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ENG101: College Writing (HESS): Home

Welcome

Welcome to the Research Guide for ENG101, College Writing.  Please use this guide to find resources for your persuasive research paper.  Please contact myself or any BCC Librarian if you have any questions. 

                                                               c                Do not trespass

Requirements:

  • MLA Formatting with in-text citations and a Works Cited (Choices 1 & 2 will look a bit different than a traditional essay)
  • Essay format: Introduction, a defensible thesis, well-developed body paragraphs, conclusion
  • 1500-2000 words 
  • 4-5 reliable, scholarly sources.  These may include: 

Just Mercy (this might be a good way to introduce your topic in any case and there you have it, one source!) 

Ted Talks 

Current Articles, from reputable periodicals, journals, newspapers, (long-form investigative journalism is great for outlining all sides of an issues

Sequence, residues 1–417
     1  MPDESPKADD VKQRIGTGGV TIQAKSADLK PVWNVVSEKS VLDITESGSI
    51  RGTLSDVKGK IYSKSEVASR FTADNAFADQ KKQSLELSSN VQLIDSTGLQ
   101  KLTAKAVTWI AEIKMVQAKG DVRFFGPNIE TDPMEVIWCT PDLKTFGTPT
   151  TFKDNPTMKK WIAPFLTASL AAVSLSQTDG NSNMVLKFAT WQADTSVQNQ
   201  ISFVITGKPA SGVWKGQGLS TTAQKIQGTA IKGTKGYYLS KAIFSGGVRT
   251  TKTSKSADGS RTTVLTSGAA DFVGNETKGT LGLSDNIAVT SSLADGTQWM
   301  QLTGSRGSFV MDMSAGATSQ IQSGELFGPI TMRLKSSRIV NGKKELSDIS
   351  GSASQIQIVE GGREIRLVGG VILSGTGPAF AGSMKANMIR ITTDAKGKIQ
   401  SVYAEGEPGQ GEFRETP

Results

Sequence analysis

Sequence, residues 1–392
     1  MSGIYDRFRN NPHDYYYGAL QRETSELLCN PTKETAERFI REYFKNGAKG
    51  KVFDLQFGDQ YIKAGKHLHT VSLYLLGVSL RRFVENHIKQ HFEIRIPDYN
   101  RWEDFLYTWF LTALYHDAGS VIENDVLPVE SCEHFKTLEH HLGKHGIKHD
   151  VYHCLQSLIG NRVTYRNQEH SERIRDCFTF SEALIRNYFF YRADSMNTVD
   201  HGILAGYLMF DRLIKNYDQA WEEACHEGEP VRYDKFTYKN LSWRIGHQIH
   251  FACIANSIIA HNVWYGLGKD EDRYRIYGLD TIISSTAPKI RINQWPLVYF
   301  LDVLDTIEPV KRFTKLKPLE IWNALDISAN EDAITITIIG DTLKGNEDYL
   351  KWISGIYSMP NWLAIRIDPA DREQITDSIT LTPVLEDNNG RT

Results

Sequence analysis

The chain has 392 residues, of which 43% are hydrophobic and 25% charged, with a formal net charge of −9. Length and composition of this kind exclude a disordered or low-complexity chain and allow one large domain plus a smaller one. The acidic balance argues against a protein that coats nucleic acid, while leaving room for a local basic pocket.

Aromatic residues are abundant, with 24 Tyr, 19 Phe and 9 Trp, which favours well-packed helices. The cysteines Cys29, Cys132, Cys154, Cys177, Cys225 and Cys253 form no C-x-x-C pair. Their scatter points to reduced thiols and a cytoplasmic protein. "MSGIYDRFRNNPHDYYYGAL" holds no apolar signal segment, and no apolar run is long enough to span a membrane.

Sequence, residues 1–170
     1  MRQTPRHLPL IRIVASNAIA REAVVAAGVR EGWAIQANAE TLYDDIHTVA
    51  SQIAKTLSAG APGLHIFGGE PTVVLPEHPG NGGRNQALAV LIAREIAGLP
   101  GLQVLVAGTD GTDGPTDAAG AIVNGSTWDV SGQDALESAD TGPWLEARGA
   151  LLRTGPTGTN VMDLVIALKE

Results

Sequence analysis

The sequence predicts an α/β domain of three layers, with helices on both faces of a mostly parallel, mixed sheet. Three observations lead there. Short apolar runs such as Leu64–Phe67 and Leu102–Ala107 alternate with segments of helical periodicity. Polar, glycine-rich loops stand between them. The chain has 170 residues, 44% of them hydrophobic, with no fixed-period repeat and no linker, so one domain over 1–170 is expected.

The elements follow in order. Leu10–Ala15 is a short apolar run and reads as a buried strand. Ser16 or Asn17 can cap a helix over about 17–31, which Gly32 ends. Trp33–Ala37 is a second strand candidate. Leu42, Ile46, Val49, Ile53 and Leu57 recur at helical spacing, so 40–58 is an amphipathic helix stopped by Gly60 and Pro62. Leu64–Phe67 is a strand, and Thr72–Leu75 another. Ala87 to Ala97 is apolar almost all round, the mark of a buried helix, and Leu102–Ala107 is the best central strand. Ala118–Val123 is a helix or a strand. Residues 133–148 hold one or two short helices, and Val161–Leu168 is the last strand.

Interviews you conduct or watch 

Documentary films or shows (Frontline, 60 Minutes, well-researched Indie films such as American Outrage, Dawnland, others…)

Podcasts

 

 

What is Persuasion?

According to the International Encyclopedia of the Social Sciences, persuasion can be defined as an active attempt by a person, group, or entity (such as a corporation), usually through some form of communication, to change a person’s mind. Although we use the term mind here, often what we are referring to are attitudes or opinions. Persuasion has been a central focus of the social psychology literature at least since the mid-twentieth century— perhaps because persuasive attempts are so common. Furthermore, if attitudes can be changed, behavior can be changed as well.

Every day we are exposed to hundreds of attempts to change our opinions. Consider how often you come across an advertisement—in a magazine or newspaper, on television, the radio, or a Web site. But marketers are not the only ones trying to influence us. Family members, religious leaders, politicians, and friends all try to convince us to do things, agree with them, or support their cause. Although persuasive attempts are pervasive, they are not always successful.

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